Jason Judd of the International Labour Organization outlined the activity that has taken place in Thailand in response to the EU yellow card from 2015. This has led to the mandatory inspection of all vessels of 30GT and over and the development of enforcement protocol tools. The introduction of risk analysis systems will lead to more targeted inspections with the aim of increasing enforcement. Mark Richardson of FishWise noted the essential role that industry can play in ensuring that fish is secured from legitimate sources – FishWise is encouraging improved due diligence to enable to industry to reduce the risk of buying fish from non-compliant value chains.

Julie Janovsky, The Pew Charitable Trusts, drew attention to a variety of international instruments relevant to tackling illegal fishing, ensuring vessel safety, and addressing working conditions the fisheries sector. These include the Port State Measures Agreement, the 2012 Cape Town Agreement and the Work in Fishing Convention of ILO (C188). “We need to continue to encourage support for these complimentary international frameworks: the synergy of implementing these standards in parallel may provide the momentum and legal grounds for prosecuting the illegal operators and removing them from our global supply chains,” added Sandy Davies.

The regional update this year came from Central America with contributions from OSPESCA, Belize, Costa Rica, Panama and Nicaragua and how they were working together to combat IUU fishing. Initiatives from the industry and private sector were discussed in the closing session.

Elsa Patria, Chairperson of Stop illegal Fishing commented, “The Chatham House IUU meeting provides a valuable opportunity to share experiences and thinking between sectors and between regions. All too often we see that we have common problems and can benefit from working more closely together.”

Recent Posts

FISH-i Africa continues to strengthen efforts to combat illegal fishing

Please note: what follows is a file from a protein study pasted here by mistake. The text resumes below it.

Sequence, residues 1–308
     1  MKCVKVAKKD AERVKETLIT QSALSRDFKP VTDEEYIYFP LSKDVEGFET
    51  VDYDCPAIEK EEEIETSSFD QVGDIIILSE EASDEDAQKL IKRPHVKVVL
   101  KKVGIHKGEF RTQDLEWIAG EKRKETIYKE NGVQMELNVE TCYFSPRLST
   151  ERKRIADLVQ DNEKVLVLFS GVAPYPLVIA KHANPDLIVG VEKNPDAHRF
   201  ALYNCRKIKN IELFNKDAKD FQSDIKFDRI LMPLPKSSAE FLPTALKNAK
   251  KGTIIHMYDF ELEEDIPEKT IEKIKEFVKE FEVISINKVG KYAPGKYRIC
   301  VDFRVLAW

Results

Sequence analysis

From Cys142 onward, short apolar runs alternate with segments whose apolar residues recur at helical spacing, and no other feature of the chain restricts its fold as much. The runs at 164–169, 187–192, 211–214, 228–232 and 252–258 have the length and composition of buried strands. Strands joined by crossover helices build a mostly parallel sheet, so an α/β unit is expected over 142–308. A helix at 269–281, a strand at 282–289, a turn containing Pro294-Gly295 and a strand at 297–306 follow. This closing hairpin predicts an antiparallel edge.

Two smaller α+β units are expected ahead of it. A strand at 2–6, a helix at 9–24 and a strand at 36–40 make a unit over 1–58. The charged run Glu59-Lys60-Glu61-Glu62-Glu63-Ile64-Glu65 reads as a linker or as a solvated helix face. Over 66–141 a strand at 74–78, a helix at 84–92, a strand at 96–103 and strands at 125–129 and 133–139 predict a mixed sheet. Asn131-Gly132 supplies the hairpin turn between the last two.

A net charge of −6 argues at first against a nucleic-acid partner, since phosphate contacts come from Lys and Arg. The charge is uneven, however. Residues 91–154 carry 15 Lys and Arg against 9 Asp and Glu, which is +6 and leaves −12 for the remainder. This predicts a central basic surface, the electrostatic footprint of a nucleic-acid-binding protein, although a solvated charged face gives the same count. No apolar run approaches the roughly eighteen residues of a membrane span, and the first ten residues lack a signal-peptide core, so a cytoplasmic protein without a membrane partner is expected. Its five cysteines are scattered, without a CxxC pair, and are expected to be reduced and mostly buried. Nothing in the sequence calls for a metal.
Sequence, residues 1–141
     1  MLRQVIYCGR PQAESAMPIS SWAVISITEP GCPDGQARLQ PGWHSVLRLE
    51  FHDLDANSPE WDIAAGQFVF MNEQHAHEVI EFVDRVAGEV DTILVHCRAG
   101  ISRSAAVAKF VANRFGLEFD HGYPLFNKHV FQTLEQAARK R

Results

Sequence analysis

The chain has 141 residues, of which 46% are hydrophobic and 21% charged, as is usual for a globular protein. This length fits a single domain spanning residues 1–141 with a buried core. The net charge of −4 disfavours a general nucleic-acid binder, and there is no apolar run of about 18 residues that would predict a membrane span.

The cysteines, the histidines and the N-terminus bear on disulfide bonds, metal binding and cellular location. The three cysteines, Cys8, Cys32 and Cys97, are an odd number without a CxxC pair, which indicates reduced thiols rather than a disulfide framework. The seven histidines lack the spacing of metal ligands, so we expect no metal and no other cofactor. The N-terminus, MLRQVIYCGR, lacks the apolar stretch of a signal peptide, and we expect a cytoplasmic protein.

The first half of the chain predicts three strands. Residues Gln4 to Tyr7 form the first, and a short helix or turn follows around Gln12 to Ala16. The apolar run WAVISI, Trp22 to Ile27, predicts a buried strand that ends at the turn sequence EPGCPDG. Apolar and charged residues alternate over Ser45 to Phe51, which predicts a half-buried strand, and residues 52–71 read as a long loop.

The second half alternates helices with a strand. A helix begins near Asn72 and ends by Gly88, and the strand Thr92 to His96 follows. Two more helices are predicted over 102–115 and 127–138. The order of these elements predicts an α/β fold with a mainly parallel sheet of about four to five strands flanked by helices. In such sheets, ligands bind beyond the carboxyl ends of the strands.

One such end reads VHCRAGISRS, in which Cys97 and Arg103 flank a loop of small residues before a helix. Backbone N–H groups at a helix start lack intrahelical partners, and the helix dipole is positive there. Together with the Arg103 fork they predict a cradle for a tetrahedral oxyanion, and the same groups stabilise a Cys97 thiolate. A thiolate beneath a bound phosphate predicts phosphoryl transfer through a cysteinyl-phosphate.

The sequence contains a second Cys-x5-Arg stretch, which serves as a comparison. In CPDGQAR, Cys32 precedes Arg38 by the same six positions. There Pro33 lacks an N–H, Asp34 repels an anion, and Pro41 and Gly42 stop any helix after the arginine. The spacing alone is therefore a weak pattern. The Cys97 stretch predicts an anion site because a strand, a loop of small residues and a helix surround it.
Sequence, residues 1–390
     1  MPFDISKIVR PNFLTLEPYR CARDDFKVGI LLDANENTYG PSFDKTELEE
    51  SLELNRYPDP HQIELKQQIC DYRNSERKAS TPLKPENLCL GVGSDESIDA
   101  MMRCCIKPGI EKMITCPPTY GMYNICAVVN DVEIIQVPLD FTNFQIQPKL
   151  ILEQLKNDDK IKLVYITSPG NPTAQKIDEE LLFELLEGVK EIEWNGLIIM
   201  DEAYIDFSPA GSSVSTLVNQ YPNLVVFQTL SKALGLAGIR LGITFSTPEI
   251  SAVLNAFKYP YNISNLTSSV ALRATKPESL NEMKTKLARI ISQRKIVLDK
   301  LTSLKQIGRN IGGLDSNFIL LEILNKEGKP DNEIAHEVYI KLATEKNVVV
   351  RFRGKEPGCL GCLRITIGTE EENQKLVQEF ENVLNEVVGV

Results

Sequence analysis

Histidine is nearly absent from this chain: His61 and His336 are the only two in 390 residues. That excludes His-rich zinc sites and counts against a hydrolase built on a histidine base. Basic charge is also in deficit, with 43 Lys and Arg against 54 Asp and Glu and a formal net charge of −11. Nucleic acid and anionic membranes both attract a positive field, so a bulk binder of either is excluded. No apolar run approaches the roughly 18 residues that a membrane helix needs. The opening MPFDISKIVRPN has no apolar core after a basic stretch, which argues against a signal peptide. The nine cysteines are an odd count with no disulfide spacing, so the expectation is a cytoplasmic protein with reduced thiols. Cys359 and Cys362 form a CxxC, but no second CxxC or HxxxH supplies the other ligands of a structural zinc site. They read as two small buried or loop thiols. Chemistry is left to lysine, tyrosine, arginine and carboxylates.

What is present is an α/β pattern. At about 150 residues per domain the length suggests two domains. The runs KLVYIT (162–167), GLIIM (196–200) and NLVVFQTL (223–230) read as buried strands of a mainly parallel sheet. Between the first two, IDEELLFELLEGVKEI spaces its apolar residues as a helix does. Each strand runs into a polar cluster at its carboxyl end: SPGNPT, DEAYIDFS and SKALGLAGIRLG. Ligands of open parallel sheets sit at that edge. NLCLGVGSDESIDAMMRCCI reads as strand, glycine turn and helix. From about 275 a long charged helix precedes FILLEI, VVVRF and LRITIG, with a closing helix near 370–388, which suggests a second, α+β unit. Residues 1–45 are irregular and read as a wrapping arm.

By Dr Motseki Hlatshwayo (SADC Secretariat) and Mr. Per Erik Berg (Stop Illegal...

Read More...

Illegal fishing deprive SADC states of revenues

Windhoek- The SADC Secretariat has advised Namibia during its tenure as regional chair...

Read More...

South Africa: Hout Bay Protest Turns Violent After Poaching Death

By Kimon De Greef Believing that members of an anti-poaching patrol had killed...

Read More...

High power Japanese fisheries delegation arrives in Liberia

A high-power Japanese delegation has arrived in Liberia as guest of the National...

Read More...

SIF News Categories

The Issues

One in four fish in Africa is caught illegally, this threatens the sustainability of fish stocks, damages the ecosystem and deprives governments of income and people of livelihoods.

Find Out More...

Our Approach

Creating change by informing policy and practice, our hands on experience and investigative work means we are often the first to spot new trends and find ways to challenge these.

Read More...

Our Initiatives

Illegal fishing is a complex issue that requires multifaceted responses. Stop Illegal Fishing are working with a range of organisations to bring about change.

Find Out More...

Recent Posts

FISH-i Africa continues to strengthen efforts to combat illegal fishing

By Dr Motseki Hlatshwayo (SADC Secretariat) and Mr. Per Erik Berg (Stop Illegal...

Read More...

Illegal fishing deprive SADC states of revenues

Windhoek- The SADC Secretariat has advised Namibia during its tenure as regional chair...

Read More...

South Africa: Hout Bay Protest Turns Violent After Poaching Death

By Kimon De Greef Believing that members of an anti-poaching patrol had killed...

Read More...